An attorney has requested an advisory opinion on the following question: It is an ethical violation for a plaintiff's lawyer to communicate directly with Risk Management Division to explain or negotiate settlement of a case, without defense counsels consent? Risk Management Division is a division of the General Services Department of the State of New Mexico. its principal function is to administer the insurance risks of the State and State agencies. See N.M. Stat. Ann. § 15-7-1 et seg. (1986 Repl.). Among its other duties, Risk management Division retains private law firms to defend claims against public employees and public entities in situations where a defense is not provided by a private insurance carrier. N.M. Stat. Ann. § 41-4-4(B) (1986 Repl.). Risk Management Division also has authority to "compromise, adjust, settle and pay claims." N.M. Stat. Ann. § 15-7-3(A)(4) (1986 Repl.). In these capacities, the role of Risk Management Division is similar to that of a private insurance company. The relevant ethical consideration is New Mexico Rule of Professional Conduct 16-402: In representing a client, a lawyer shall not communicate about the subject of the representation with a party the lawyer knows to be represented by another lawyer in the matter, unless the lawyer has the consent of the other lawyer or is authorized by law to do so. Except for persons having a managerial responsibility on behalf of the organization, an attorney is not prohibited from communicating directly with employees of a corporation, partnership or other entity about the subject matter of the representation even though the corporation, partnership or entity itself is represented by counsel. The first sentence of the above rule is identical to ABA Model Rule of Professional Conduct 4.2. When a private insurance company acts on behalf of its insured in the conduct of litigation and settlement of claims, it assumes a fiduciary relationship with the insured. Chavez v. Chenoweth, 89 N.M. 423, 430, 553 P.2d 703, 710 (Ct. App. 1976). in such situations, the insurance company is the real party in interest, Grammar v. Kohlhaas Tank & Equipment Co., 93 N.M. 685, 692, 604 P.2d 823, 830 (Ct. App. 1979), cert. denied, 94 N.M. 628, 614 P.2d 545 (1980), and the relationship is one of agent and principal. 44 Am. Jur. 2d, Insurance § 1422 (1982); Bennett v. Conrady, 180 Kan. 485, 305 P.2d 823 (1957). A.B.A. Informal opinion 1190 (August 27, 1971) states that "[even though the insurance carrier is not a named party to the litigation, in most cases it stands in the shoes of the individual defendant in asserting the defense in the litigation and in protecting its insured, who is the named defendant." The opinion holds that an insurance company may authorize a lay adjuster to negotiate directly with plaintiff's counsel with the express consent of defense counsel, so long as the activity does not constitute the unauthorized practice of law. A.B.A. Informal Opinion 570 (August 23, 1962) suggests that defense counsel represents both the insurance company and the insured until such time as the insured should elect to retain separate counsel. Although the interpretation does not appear to be uniform, state bar opinions from other jurisdictions have considered it improper for plaintiff's counsel to communicate directly with insurance companies. Virginia State Bar opinion 687 (May 29, 1985); Colorado Bar Association opinion 73 (May 17, 1986). But see Maine Professional Ethics Commission, Board of overseers of the Bar, Opinion 63 (January 7, 1986). In such situations, therefore, a private insurance company acts as an agent for its insured, in a fiduciary relationship. Unless and until a conflict develops, its interests are allied with those of the insured. Under these circumstances, it is the Committee's opinion that it is improper for plaintiff's counsel to initiate direct communication with the insurer without the consent of defense counsel. The Committee does not express a formal opinion on whether the insurance company may authorize or initiate direct communication with plaintiff's counsel. The rule against direct communication with a represented party is designed for the protection of the represented party. A.B.A. Formal Opinion 108 (March 10, 1934). There may be circumstances, therefore, in which the insurance company could waive its right to this protection. The Committee believes, however, that the safer course of action for plaintiff's counsel is not to engage in substantive discussions with the insurance company or its agents, even when the communication is initiated by the company or agent.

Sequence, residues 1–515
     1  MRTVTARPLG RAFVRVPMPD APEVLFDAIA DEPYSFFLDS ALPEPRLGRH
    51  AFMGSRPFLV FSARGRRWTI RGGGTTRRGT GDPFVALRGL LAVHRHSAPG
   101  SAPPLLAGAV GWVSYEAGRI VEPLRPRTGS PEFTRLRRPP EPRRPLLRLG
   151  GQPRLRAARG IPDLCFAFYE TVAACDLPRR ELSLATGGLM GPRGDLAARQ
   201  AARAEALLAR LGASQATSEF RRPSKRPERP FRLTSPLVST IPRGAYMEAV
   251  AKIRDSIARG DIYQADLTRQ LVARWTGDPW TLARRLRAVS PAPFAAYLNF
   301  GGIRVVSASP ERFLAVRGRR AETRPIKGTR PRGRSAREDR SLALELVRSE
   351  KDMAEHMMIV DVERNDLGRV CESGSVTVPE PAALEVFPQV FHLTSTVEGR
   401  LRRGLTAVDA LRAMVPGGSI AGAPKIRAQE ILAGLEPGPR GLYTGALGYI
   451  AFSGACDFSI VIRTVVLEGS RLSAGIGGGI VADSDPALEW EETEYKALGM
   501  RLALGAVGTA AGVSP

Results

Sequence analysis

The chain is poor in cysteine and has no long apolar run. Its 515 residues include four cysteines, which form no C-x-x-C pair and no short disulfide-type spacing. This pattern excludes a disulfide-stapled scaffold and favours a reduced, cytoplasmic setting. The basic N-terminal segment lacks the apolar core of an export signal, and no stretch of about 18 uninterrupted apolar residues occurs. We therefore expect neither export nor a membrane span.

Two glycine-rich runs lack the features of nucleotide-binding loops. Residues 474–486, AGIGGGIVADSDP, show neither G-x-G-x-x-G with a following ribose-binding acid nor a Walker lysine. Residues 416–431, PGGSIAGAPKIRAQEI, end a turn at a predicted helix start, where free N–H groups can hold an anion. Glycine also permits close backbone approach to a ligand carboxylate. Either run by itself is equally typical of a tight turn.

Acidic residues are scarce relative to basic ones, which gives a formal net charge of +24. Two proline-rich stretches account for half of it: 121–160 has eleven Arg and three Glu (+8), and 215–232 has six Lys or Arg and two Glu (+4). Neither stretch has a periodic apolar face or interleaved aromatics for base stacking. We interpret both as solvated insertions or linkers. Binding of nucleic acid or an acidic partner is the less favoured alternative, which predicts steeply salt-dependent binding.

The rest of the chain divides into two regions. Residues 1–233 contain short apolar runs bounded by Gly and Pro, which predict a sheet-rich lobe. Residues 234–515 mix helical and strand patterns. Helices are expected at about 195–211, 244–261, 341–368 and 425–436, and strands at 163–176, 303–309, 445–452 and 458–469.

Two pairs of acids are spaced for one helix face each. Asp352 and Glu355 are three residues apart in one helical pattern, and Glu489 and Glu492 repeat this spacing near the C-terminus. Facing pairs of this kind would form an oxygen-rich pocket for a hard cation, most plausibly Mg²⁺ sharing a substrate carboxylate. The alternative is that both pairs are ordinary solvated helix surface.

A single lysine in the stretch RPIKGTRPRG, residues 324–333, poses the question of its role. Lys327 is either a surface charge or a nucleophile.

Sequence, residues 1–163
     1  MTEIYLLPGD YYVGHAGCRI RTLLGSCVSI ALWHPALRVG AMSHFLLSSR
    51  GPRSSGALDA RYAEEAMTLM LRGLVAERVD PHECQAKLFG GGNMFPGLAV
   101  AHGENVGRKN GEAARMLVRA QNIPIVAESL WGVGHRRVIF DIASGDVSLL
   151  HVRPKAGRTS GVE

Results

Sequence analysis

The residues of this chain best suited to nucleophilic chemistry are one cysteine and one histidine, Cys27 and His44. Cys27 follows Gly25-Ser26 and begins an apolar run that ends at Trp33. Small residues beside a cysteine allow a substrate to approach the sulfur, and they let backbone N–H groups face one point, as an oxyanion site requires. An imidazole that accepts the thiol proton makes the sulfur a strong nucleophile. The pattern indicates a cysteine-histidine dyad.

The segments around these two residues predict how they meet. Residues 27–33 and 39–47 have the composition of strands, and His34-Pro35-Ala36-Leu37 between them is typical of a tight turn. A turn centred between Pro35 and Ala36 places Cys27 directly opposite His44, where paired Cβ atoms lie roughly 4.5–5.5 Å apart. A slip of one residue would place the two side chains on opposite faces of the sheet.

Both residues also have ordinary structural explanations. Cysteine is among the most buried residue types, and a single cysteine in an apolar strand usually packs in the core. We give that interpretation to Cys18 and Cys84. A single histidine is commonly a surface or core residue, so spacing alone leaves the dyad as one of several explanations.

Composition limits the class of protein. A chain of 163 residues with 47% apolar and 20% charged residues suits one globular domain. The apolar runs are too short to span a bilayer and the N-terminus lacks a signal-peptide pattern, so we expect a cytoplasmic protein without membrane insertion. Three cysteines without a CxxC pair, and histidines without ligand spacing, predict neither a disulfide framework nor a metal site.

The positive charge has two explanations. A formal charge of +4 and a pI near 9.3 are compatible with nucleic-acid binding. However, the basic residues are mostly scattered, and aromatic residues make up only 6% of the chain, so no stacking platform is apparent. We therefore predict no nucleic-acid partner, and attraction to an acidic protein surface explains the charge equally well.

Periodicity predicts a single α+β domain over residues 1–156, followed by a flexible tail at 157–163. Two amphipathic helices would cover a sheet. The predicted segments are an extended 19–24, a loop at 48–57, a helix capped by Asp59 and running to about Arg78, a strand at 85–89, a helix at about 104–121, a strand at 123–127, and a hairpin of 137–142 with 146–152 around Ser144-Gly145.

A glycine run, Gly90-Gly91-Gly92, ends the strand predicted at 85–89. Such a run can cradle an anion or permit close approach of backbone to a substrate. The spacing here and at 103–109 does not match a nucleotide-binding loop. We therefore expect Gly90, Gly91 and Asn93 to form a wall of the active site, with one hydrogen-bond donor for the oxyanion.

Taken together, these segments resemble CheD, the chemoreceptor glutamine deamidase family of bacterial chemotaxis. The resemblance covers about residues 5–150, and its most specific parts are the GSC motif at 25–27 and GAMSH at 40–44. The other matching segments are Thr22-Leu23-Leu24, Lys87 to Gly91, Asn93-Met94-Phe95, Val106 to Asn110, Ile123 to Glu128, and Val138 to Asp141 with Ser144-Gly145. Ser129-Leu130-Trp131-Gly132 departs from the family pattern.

We must next consider whether this opinion is changed by the fact that Risk Management Division is not a private insurer, but a governmental entity. Rule 16-402 contains an exception to the general rule prohibiting direct communication if the communication is "authorized by law." The official comment to A.B.A. Model Rule 4.2 states that "communications authorized by law include, for example, the right of a party to a controversy with a government agency to speak with government officials about the matter." Despite the broad nature of this language, however, the restriction against direct communication has to date been applied to government agencies and boards in the same manner as it has been applied to corporate parties. A.B.A./B.N.A. Lawyers' Manual on Professional Conduct, 71:317 (1987). Instances where the "authorized by law" exception (or its predecessors) have been invoked appear to be limited to instances where specific statutes or court rules require or permit direct communication with an adverse party. See, A.B.A./B.N.A. Lawyers' Manual on Professional Conduct 71:307-308 (1987). The general rule appears to be the same as for private corporations, and that management level employees of a governmental agency may not be contacted directly in such circumstances. A.B.A/B.N.A. Lawyers' Manual on Professional Conduct 71:318-319 (1987). It is, therefore, the Committee's opinion that Risk Management Division's status as a public entity does not change the general rule, in the absence of a specific statute or rule permitting direct communication; and that it is, therefore, improper for plaintiff's counsel to initiate communication with Risk management Division concerning matters for which Risk management Division has retained counsel to provide a defense for a public employee or entity, without the consent of defense counsel.